1. Hrm. Re-reading the original post, I’m not sure I was that clear.

        The moment: Bucky says to Sam that he understands why Sam turned down the shield. But he feels hurt, because the shield was this symbol he’d fought for for so long, and it was his only “family”, and so Sam’s rejection of it felt like a rejection of him.

        My initial reaction: Bucky’s talking about the shield and its relationship with his *friend* Steve, and their relationship, and so Sam rejecting the shield was a disservice to *Steve* and his ideals, which then felt like Bucky & Steve & the Shield lacked value in Sam’s eyes. I don’t know if that was the intended reaction – but Steve + Bucky is such a strong tie that instead of it being about the symbol of *America*, it’s a symbol of their relationship and their friendship and what it stands for.

        What I wish had happened, and maybe what was actually intended but didn’t come across clearly to me: Bucky realizes that Sam’s rejection of the shield is because his relationship with the America it stands for is complicated (this is clearly something that is intended and delivered clearly by the writers in many other areas of the series). But I wish that Bucky had more explicitly acknowledged that the symbol (the shield) was about *America* and its *reality*, and not Steve. And this would have been super obvious coming from anyone *but* Bucky, but because of Bucky + Steve, it’s unclear whether he’s talking about Steve, Shield, Bucky, or *America*, Shield, Bucky. So I just wish it had been *slightly* more specific, because I think it would have made a huge impact on how direct that point was delivered.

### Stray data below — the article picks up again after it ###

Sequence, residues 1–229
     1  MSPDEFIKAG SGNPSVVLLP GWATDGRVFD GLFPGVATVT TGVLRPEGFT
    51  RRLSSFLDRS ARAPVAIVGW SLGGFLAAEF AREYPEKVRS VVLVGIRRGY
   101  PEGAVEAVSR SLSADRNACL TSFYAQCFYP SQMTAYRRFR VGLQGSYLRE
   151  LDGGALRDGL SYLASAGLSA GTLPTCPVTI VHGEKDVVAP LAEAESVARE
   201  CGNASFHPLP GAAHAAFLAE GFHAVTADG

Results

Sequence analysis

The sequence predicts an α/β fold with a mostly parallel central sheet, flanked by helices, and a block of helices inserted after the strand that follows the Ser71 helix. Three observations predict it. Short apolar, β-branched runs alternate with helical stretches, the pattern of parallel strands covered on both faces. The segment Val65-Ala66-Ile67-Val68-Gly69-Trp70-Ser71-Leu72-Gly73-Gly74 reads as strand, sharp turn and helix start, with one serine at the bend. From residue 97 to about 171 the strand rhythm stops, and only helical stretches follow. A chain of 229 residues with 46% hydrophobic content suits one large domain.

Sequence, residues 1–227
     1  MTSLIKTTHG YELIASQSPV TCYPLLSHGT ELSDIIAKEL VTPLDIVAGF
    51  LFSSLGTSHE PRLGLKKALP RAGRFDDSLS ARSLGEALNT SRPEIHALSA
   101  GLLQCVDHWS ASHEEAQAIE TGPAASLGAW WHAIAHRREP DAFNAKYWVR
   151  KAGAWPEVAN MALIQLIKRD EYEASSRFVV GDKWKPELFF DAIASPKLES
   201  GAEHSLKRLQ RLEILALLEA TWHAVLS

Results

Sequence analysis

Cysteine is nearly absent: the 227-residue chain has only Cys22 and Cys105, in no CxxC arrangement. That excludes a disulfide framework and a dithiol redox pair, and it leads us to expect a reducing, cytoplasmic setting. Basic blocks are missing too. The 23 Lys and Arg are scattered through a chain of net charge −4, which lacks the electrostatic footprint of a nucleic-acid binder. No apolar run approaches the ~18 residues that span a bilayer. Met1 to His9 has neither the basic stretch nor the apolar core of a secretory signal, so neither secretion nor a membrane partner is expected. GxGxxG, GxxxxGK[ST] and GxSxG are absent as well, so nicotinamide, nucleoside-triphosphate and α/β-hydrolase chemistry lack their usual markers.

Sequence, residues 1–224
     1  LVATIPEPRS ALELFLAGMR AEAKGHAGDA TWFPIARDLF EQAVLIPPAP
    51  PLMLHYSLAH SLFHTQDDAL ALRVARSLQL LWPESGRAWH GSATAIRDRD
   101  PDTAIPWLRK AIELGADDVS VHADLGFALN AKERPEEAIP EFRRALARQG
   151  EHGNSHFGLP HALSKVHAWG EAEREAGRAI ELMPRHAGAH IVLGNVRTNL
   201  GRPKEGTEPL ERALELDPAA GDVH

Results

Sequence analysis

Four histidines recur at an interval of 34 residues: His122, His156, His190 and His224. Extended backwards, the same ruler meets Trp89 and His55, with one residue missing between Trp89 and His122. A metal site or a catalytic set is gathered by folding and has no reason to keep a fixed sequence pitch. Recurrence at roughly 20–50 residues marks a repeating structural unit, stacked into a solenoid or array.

2. And by “more specific”, I mean more explicit about Bucky’s perception of the Shield & its symbolism, and how it’s not just about Steve, it’s about America, which is what I meant by “less specific” in the initial post.